B-movie style ham aside, Snake Eater boasts a number of merits in terms of narrative and gameplay. On the story front, Naked Snake is easily my favorite protagonist in the series. The game seems to take some sick delight out of kicking this poor man’s ass and forcing him to kill everything he loves. There’s some great drama (and, to be fair, far too much philosophizing) between Snake and the Boss, his mentor and implied old flame. There’s also great banter between Snake and his support team. All of this works together to make him a sympathetic character who’s easy to root for. 

It also helps Snake Eater’s case that the gameplay and setting were taken in such an intriguing direction. The Cold War setting is perfect for a game about tactical espionage, and emphasizing survival as a core element here is a nice twist on the MGS formula. The result was a slower, more methodical process of infiltration, but one with new considerations lent by the game’s lower-tech, nature-oriented constraints. Camouflage and healing mechanics, while a little simplistic, add some wonderful flavor to the whole experience, making Naked Snake’s trek through the jungle a thoroughly memorable one. 

1. Metal Gear Solid V: The Phantom Pain

Metal Gear Solid Phantom Pain
  • Developer: Kojima Productions
  • Release: 2015
  • Platforms: PC, PlayStation, Xbox

My mission was to extract a Russian interpreter and have my boys convince him to work for Diamond Dogs. Being more than a hundred meters off from my target, I decided to have my team drop a sniper rifle, and then I took up position on a rocky overlook. Two Soviet soldiers accompanied the interpreter. I scoped the outpost, adjusted my vantage point, and lined up a shot. I put my crosshairs over a soldier’s head and blew his brains out.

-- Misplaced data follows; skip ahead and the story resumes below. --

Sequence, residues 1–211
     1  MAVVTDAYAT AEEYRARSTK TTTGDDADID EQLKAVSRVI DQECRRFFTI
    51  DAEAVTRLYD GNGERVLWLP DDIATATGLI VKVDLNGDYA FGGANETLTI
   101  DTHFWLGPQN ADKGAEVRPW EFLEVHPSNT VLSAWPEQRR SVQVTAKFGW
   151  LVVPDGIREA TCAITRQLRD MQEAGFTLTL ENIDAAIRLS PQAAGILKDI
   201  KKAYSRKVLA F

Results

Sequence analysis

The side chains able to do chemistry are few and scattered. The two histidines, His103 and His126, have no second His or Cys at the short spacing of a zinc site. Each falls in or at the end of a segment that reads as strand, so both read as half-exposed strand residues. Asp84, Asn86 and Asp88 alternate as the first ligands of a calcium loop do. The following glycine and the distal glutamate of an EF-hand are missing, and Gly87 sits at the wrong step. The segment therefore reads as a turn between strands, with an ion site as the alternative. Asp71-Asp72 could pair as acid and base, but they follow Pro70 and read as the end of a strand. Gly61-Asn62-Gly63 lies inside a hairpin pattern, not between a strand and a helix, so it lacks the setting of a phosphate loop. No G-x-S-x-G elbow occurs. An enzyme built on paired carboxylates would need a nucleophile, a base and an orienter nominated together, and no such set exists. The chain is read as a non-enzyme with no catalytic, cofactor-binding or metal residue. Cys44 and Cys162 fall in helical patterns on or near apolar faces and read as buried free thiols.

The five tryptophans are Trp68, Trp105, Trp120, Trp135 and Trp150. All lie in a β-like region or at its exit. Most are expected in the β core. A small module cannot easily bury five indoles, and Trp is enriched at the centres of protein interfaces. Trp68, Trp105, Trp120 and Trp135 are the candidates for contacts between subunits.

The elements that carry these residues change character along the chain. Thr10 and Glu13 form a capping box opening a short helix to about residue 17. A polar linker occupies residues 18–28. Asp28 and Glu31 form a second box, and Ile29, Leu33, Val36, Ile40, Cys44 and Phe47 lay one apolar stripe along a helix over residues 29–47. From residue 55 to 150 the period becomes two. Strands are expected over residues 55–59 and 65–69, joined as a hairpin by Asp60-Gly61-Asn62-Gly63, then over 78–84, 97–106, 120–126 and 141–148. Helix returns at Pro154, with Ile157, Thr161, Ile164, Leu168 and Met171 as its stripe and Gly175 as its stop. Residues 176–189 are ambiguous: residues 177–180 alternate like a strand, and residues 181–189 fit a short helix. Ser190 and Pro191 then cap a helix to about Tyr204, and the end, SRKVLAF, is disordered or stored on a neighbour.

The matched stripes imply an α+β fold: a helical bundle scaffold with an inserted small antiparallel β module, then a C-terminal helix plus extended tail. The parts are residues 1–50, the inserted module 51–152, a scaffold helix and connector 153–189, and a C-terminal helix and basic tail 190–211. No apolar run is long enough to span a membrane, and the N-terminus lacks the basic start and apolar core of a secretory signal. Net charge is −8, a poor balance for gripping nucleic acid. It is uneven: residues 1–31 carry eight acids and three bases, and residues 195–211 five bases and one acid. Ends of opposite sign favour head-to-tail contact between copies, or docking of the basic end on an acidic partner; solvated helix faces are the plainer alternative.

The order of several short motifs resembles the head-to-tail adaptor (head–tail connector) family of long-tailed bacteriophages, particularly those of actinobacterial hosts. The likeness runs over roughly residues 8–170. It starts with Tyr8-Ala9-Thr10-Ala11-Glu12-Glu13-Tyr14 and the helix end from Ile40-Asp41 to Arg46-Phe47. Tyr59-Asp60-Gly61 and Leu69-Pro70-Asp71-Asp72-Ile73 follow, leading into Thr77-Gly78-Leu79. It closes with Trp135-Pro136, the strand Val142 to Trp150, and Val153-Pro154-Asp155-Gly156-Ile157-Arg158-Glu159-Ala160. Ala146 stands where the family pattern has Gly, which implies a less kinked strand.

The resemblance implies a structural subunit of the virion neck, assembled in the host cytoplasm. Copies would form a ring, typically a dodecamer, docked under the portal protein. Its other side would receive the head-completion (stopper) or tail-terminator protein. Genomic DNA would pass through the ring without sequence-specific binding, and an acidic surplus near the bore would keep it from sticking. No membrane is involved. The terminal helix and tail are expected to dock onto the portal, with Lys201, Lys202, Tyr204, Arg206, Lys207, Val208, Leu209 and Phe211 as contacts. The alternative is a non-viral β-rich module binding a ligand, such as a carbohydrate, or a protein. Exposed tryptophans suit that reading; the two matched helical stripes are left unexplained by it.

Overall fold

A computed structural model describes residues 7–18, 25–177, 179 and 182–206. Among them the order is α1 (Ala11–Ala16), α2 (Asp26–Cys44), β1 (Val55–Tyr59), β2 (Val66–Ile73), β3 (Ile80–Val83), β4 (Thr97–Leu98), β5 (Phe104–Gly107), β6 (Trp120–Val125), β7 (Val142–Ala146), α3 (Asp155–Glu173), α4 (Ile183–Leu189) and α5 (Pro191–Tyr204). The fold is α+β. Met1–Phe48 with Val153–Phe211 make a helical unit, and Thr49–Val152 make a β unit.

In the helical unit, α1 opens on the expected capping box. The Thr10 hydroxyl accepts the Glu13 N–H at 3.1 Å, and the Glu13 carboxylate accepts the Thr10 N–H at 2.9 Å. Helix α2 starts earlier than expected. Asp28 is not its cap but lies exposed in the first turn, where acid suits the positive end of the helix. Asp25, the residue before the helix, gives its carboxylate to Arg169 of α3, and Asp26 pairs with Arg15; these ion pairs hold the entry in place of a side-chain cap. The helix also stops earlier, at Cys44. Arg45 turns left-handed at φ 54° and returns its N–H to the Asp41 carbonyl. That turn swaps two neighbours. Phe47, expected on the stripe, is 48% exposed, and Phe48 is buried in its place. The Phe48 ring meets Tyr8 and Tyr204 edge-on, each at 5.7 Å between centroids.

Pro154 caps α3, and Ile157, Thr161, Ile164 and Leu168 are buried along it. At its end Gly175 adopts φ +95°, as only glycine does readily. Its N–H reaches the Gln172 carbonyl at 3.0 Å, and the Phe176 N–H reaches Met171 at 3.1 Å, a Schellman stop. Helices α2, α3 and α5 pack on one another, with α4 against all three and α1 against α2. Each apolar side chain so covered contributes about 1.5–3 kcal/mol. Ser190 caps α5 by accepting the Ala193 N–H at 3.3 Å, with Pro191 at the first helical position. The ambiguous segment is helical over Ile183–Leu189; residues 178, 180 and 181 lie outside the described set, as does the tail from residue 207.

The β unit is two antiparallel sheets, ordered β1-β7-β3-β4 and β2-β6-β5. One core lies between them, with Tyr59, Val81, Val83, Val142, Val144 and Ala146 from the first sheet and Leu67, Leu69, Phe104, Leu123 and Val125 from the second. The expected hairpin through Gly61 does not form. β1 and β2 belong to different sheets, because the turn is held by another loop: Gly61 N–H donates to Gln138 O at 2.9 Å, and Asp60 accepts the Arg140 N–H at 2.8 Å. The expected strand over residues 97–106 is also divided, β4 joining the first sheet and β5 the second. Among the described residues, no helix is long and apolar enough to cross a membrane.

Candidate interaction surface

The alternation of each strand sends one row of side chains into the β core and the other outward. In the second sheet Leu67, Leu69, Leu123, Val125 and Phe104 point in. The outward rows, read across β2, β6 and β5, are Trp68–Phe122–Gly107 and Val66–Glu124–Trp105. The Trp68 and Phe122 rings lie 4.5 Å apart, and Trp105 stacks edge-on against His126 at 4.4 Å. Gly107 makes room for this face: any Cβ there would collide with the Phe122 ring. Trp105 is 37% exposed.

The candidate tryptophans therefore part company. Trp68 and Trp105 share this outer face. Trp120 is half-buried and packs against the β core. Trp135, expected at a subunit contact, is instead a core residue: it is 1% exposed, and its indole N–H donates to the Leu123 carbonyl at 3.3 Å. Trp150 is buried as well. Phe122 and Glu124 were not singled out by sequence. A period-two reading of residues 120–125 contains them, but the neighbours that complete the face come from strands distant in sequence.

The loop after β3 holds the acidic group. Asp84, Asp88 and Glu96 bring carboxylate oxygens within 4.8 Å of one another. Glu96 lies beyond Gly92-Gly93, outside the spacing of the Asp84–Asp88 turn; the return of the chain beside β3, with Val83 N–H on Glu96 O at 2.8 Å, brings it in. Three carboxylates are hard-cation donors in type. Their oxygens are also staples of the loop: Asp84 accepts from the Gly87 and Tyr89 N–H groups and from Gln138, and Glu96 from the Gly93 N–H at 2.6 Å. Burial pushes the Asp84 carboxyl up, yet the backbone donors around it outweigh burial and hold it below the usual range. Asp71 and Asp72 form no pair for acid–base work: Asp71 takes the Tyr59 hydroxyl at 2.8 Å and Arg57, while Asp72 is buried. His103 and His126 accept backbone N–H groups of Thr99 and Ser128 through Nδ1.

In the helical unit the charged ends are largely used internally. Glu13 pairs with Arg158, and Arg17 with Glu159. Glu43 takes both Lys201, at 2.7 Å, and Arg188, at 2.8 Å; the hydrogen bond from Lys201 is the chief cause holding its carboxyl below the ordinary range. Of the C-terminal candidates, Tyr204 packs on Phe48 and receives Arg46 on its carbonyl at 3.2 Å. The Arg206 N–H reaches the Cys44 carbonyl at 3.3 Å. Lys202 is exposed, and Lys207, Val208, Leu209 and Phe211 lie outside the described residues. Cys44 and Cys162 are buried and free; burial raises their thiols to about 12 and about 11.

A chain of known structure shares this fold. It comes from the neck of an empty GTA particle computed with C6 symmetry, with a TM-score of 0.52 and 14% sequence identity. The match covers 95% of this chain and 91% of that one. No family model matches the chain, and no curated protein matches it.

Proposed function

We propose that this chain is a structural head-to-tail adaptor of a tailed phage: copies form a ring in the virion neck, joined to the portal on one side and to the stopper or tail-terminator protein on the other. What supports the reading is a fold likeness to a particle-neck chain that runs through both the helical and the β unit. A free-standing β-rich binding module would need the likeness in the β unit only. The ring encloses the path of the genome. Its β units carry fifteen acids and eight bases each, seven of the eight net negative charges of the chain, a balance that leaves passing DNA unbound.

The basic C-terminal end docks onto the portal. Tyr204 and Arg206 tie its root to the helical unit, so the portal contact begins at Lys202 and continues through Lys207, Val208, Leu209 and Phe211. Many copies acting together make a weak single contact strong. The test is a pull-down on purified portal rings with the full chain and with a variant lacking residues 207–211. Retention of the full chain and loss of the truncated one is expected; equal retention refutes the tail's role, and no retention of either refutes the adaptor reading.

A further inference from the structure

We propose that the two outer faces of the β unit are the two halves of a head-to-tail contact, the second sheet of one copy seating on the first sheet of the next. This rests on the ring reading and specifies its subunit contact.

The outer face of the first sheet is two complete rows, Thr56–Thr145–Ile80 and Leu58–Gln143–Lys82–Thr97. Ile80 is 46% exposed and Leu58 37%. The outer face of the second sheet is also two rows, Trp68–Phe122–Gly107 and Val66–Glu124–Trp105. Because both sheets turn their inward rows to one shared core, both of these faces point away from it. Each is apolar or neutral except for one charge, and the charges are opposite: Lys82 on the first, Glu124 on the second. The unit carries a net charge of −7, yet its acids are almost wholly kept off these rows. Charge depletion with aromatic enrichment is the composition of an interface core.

The other two scrambled, and I repositioned to a stand of trees on a hillock, tracked the movements of my quarry, and waited. The interpreter and the soldier separated, scouring nearby hills and ridges for their assailant, and I waited for the soldier to hold still. The report of the gun rebounded off rock faces and canyons, and the soldier fell dead, his blood seeping into the gravel beneath him. My target went to the overlook as I stalked him. I came close, shot to my feet, and sprinted toward the man. He whirled just as I seized him and hurled him over my shoulder, knocking him senseless on the hard, sun-beaten rock of Afghanistan. Then I hooked him up to the Fulton and extracted him. Mission accomplished. 

When I think of game series that could use the open-world treatment, Metal Gear Solid isn’t exactly what comes to mind first. However, once I started digging into the open-ended mission design, tackling jobs for the Diamond Dogs as I so wished, I knew this was the perfect fit for the series. 

The kind of organic problem solving that each situation presents, along with complications like dust storms and enemy tactics like using comms equipment to call for reinforcements, makes for a deeply engaging, rewarding experience. And while David Hayter is sorely missed, Kiefer Sutherland does an admirable job portraying Big Boss. And, The Phantom Pain’s story contains heavy doses of the hyper-violent silliness I’ve come to love about the series, particularly in its opening.

On top of that, the drama and character motivations at play are sometimes genuinely affecting. You come to understand the drive that Big Boss and Miller have to make Diamond Dogs as successful and effective as possible, to build a future for themselves.

In sum, MGS V takes my favorite protagonist in the series and pairs him with my favorite gameplay in the series. If you play just one Metal Gear Solid game, it should be this.

That’s it for my Metal Gear Solid games ranked list! Now, if you’ll excuse me… I have a game to load up.